Britain’s largest cancer organization is pulling the plug on research centers dedicated to offering patients potentially life-saving drugs, The Mail on Sunday can reveal.
Cancer Research UK is funding eight clinical trial units where cancer patients across the country receive experimental medication, but insiders claim the charity is considering closing as many as half of them.
Cancer doctors say the move will drastically reduce the number of patients who have access to these last resort treatments, which are offered when standard approaches available on the NHS do not have a significant impact.
An oncologist consultant said, on condition of anonymity: ‘The vast majority of studies in the UK cannot take place without Cancer Research UK’s clinical research units. If you close these wards, the number of studies that NHS hospitals can conduct will be seriously affected and the number of patients receiving these drugs will be significantly reduced.”
The charity has suffered financially since the outbreak of the Covid pandemic, with annual income falling by £90 million, from £672 million in 2019 to £582 million last year.
Despite this, it announced last month that it would contribute £1 billion to the London-based Francis Crick Institute, the UK’s leading biomedical lab. It’s part of the charity’s broader strategy to focus on funding early-stage research rather than drug trials.
A consultant analyzes a mammogram. Britain’s largest cancer organization is pulling the plug on research centers dedicated to offering potentially life-saving drugs to cancer patients
Professor Charles Swanton, Chief Clinician of Cancer Research UK, also holds the senior role of Principle Group Leader at the Francis Crick Institute.
When the news was announced, medical commentators criticized the decision to prioritize funding from the London-based center over other regional research labs.
A cancer expert, who works closely with Cancer Research UK, told The Mail on Sunday that colleagues also expressed doubts about Professor Swanton’s role in the decision to fund the Francis Crick Institute, due to his links to both organisations.
“There is a very real issue of conflict of interest here,” the expert said. ‘Prof. Swanton’s lab benefits from this funding, while many colleagues could lose their jobs if trial units are closed.’
Cancer Research UK denies any conflict of interest.
Cancer doctors report increasing difficulties in setting up life-saving drug trials due to the impact of Covid. They say they have been instructed by government officials to phase out studies of vital drugs as part of cost-cutting measures.
There are around three million people diagnosed with cancer in the UK, with 375,000 new cancer cases per year – with around 25,000 participating in a clinical drug trial each year.
Doctors can offer eligible patients the opportunity to enroll, but NHS Trusts usually do not have the staff and resources to conduct these studies on their own.
For this reason, Cancer Research UK’s clinical trial units are almost always involved in any cancer drug research that takes place in the NHS. The units, in England, Scotland and Wales, will provide cancer experts to design and conduct the study, and statisticians to analyze the results.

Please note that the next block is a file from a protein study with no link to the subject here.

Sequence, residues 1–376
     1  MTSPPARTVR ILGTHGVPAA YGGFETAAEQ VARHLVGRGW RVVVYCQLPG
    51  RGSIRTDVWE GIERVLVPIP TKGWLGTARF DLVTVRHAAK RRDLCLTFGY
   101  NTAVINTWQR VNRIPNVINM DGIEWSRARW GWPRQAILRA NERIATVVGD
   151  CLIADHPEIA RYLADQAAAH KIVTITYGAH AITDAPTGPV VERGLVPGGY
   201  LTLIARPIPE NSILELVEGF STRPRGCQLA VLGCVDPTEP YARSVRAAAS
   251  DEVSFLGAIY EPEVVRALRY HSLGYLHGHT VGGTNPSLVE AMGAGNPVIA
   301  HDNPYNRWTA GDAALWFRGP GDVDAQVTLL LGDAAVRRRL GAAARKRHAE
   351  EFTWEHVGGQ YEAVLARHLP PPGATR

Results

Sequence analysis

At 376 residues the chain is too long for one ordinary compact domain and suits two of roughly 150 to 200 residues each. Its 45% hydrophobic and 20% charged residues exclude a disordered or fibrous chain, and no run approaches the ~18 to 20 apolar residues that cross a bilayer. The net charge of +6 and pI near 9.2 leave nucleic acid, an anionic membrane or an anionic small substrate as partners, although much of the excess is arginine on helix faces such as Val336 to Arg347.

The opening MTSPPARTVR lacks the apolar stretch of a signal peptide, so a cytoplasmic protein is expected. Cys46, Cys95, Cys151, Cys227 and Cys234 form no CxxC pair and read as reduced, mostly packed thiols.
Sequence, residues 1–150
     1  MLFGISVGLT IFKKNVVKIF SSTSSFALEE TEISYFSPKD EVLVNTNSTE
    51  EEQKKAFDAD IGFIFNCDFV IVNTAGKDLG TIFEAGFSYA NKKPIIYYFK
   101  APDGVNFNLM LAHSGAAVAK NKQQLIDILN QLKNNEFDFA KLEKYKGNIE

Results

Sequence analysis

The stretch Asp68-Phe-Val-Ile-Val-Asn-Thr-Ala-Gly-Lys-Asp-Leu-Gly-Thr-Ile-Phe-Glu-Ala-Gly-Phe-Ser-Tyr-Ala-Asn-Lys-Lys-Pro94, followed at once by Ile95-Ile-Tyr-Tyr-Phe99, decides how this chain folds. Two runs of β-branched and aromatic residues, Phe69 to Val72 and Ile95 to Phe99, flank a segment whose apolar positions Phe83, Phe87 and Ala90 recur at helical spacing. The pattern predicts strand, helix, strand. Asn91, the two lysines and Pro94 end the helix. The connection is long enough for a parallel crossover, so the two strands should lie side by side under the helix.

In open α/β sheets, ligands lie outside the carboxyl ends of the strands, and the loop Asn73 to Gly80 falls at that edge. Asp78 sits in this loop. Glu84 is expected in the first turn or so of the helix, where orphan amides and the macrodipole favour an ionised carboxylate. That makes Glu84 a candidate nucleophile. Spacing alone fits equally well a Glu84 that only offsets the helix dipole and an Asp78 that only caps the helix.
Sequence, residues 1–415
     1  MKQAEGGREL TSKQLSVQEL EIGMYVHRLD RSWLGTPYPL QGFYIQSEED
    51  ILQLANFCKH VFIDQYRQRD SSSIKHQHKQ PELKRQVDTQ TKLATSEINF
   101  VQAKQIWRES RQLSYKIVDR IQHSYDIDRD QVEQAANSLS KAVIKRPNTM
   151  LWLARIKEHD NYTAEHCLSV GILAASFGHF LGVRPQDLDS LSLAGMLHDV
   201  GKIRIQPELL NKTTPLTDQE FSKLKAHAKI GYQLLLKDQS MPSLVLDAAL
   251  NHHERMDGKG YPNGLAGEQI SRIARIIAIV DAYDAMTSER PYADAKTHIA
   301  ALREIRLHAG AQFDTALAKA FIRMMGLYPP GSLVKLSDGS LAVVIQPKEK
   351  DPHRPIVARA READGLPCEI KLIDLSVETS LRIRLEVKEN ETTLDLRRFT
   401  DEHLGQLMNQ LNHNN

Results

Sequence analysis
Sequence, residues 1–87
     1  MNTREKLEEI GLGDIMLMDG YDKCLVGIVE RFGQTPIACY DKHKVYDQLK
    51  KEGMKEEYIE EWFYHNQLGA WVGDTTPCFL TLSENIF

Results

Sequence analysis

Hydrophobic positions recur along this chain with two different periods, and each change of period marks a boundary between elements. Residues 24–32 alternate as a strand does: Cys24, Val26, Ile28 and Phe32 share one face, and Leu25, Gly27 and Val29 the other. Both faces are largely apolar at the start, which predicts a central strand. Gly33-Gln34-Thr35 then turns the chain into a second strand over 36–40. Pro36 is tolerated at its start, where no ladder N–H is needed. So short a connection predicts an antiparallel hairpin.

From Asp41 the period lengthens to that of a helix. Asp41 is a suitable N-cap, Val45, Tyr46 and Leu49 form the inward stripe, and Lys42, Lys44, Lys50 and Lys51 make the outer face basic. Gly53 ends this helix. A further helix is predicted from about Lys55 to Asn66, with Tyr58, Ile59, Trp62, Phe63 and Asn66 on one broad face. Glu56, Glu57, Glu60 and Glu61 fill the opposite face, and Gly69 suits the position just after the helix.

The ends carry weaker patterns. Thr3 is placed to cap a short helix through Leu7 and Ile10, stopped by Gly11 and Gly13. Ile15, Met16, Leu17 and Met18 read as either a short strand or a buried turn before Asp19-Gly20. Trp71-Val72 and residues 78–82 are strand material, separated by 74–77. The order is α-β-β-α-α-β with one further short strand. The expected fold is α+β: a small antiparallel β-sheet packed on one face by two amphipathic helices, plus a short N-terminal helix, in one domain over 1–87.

The Center for Trials Research at Cardiff University specializes in blood cancers, while the University of Birmingham is home to experts in pediatric studies.
Earlier this year, clinical trial unit directors were told to apply to receive funding as part of a new streamlined “core network.”
Those who fail the application process will see their unit closed. When we approached Cancer Research UK, it did not dispute insiders’ claims that as many as four could be shut down.
The industry contraction will only exacerbate existing problems for patients, doctors add.
When the Covid pandemic began in 2020, all clinical trials were temporarily suspended.
More than two years later, experts say there are ongoing problems getting these studies back on track.
GETTING DESPERATE: Breast cancer patient Constance Johncock, 32, has undergone eight different treatments – including two clinical trials
Professor Nick James, a clinical oncologist at The Institute of Cancer Research, says: ‘This is a huge problem that is not going away. It means that thousands of patients receive fewer medicines that can prolong their lives.’
One patient desperate for a cancer screening is Constance Johncock, 32, of Kent, who has advanced breast cancer. The student nurse has undergone eight different treatments, including two clinical trials.
When her treatment was temporarily stopped at the start of the Covid pandemic, her cancer spread to her liver.
The disease has now reached her lungs and bones and Constance has almost run out of effective treatments. She says, “It doesn’t feel like there are a lot of trials going on right now.
“Every year so many people like me are diagnosed with advanced breast cancer, but it feels like access to these drugs is declining.”
dr. Iain Foulkes, Executive Director of Research and Innovation at Cancer Research UK, said: ‘None of our ongoing clinical trials has had funding cut off due to the financial pressures of the pandemic or our support for the Crick.
“The decision to contribute money to the Crick Institute was taken by our Trustee Board, following the highest possible assessment by an independent panel of international experts. Professor Charles Swanton, who has a lab at the Crick, was not involved in any discussions or decisions about financing the Crick.’